Lyophilised human insulin is rehydrated in 50 mM sodium phosphate, pH 7.5,5 mM EDTA to a final concentration of 10 mg/ml. SATA reagent is dissolved in DMSO at a concentration of 650 mM (150 mg/ml).

To each ml of insulin solution is added 10 l of the SATA solution, gently mixed, then incubated at 4 C. overnight to achieve derivatisation of the insulin. In order to separate derivatised insulin from reaction components and by-products, the derivatisation mixture is applied to a PD-10 column (previously equilibrated in 50 mM sodium phosphate, pH 7.5, 1 mM EDTA).

To deprotect the acetylated —SH groups, 100 l of 0.5 M hydroxylamine hydrochloride in 50 mM sodium phosphate, pH 7.5, 25 mM EDTA is added to each ml of the SATA-modified insulin solution. These materials are mixed and reacted for 2 hours at room temperature, after which time the sulphydryl-modified insulin is purified by passage through a PD-10 column equilibrated in 50 mM sodium phosphate, pH 7.5, 1 mM EDTA.

The LHN/B is desalted into PBS and the resulting solution (2 mg/ml) reacted with a three-fold molar excess of SPDP by addition of a 10 mM stock solution of SPDP in DMSO. After 4 h at room temperature the reaction is terminated by desalting over a PD-10 column into PBSE.

A portion of the derivatized LHN/B is removed from the solution and reduced with DTT (5 mM, 30 min). This sample is analyzed spectrophotometrically at 280 nm and 343 nm to determine the degree of derivatisation. The degree of derivatisation achieved is approximately 2.5 mol/mol.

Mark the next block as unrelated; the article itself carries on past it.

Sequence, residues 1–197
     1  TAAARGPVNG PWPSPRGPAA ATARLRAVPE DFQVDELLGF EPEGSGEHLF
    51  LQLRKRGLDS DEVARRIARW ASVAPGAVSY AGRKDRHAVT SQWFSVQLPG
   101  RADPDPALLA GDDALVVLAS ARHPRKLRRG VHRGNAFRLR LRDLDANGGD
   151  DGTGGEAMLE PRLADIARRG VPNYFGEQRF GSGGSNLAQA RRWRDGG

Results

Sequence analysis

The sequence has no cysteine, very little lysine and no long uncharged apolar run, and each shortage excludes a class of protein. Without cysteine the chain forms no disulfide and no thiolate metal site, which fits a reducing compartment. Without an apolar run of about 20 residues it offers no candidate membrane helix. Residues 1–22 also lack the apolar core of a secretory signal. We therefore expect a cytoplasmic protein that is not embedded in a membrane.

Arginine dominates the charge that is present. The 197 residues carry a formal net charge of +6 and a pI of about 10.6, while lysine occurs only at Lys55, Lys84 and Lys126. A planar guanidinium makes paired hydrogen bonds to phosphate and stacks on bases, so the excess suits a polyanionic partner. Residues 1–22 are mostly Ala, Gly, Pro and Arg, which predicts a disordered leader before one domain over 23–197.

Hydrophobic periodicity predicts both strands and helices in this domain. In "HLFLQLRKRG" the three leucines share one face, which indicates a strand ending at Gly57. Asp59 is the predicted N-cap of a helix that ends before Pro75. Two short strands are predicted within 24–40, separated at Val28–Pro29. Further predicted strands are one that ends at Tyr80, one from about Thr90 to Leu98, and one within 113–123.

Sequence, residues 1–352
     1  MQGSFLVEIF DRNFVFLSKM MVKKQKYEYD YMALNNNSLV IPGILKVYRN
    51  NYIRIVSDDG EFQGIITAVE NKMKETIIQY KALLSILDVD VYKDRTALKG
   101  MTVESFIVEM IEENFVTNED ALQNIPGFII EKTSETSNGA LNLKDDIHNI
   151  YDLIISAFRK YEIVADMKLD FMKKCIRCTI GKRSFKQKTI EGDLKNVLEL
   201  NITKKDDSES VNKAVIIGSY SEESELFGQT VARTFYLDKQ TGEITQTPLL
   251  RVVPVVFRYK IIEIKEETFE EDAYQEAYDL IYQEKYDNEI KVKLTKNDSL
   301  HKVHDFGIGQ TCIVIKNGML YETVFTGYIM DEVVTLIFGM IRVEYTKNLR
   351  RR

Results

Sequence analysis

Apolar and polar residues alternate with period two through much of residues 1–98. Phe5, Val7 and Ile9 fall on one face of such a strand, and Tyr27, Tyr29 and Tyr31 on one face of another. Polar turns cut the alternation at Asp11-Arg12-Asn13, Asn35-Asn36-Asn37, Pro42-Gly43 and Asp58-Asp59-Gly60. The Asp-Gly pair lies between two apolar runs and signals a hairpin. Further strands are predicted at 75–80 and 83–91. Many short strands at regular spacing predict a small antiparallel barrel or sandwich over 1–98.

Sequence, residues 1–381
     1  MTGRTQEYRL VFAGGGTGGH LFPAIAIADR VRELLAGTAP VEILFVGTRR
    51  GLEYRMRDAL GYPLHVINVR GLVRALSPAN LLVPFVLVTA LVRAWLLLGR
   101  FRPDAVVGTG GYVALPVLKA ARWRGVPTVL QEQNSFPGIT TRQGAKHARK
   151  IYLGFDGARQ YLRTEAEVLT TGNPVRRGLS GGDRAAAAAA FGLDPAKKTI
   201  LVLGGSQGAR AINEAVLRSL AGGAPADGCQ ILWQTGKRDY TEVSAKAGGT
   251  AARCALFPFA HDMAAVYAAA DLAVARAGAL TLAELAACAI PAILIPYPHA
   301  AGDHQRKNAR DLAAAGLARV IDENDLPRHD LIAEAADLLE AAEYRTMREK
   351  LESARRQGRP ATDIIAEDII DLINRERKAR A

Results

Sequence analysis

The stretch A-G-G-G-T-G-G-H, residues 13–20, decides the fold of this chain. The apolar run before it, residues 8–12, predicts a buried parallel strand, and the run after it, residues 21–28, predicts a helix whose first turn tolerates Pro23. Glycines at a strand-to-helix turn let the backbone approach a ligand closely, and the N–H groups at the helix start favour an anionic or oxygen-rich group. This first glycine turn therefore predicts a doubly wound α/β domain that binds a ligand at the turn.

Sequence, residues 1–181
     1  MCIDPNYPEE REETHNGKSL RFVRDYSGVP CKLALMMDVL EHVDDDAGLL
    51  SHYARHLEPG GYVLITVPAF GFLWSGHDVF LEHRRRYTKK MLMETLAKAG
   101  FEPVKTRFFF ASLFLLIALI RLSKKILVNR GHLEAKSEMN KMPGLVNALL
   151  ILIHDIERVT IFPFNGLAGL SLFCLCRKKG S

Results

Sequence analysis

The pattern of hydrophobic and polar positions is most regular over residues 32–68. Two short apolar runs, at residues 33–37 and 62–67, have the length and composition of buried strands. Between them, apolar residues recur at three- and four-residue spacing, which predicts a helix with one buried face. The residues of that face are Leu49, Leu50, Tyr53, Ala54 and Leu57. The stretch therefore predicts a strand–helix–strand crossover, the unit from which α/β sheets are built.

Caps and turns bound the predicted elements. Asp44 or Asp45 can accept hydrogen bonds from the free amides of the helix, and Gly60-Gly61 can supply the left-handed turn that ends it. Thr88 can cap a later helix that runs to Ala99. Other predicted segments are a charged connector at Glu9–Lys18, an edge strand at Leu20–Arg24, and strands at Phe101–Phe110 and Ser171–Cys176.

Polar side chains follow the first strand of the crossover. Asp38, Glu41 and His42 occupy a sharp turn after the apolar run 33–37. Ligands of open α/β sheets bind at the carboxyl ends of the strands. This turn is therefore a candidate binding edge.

The bulk of the derivatized LHN/B and the derivatized insulin are mixed in proportions such that the insulin is in greater than 3-fold molar excess. The conjugation reaction is allowed to proceed for >16 h at 4 C.

The product mixture is centrifuged to clear any precipitate that develops. The supernatant is concentrated by centrifugation through concentrators (with 10000 molecular weight exclusion limit) before application to a Superose 12 column on an FPLC chromatography system (Pharmacia). The column is eluted with PBS and the elution profile followed at 280 nm.

Fractions are analyzed by SDS-PAGE on 4-20% polyacrylamide gradient gels, followed by staining with Coomassie Blue. The major conjugate products have an apparent molecular mass of between 100-110 kDa; these are separated from the bulk of the remaining unconjugated LHN/B and more completely from the unconjugated insulin.

EXAMPLE 12 Activity of Insulin-LHN/B in Adipose Cells